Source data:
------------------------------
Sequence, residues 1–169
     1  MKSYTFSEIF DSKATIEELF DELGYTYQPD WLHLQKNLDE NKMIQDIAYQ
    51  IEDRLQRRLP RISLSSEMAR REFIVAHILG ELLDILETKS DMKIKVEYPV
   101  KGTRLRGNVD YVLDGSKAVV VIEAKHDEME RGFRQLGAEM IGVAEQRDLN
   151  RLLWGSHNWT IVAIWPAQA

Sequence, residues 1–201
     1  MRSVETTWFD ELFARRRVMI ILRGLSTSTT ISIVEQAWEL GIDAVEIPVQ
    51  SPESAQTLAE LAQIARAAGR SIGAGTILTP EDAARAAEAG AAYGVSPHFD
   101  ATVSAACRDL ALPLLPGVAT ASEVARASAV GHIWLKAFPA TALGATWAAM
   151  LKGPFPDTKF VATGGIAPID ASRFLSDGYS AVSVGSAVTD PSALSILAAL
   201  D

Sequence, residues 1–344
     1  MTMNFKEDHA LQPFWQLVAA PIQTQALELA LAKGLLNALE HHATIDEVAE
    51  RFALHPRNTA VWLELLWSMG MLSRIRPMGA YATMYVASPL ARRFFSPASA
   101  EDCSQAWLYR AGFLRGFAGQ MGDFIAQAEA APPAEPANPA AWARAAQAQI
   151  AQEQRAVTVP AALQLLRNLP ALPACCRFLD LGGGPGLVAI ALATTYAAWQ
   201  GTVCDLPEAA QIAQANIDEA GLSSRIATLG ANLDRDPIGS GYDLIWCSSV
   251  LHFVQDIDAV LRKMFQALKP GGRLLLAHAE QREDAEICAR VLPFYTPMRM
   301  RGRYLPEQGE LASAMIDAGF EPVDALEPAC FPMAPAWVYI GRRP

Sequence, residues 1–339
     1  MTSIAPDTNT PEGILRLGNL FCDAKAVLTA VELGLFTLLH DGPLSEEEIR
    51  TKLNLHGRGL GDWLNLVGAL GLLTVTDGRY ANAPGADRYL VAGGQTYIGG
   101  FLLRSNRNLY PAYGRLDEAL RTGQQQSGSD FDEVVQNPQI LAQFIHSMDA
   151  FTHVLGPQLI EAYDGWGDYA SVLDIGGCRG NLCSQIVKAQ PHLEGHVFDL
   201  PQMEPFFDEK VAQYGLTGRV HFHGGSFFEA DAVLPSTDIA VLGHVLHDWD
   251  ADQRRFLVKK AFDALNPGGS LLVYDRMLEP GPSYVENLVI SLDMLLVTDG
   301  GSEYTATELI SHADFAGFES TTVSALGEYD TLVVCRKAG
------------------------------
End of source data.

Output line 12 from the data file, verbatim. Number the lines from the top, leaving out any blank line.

Sequence, residues 1–344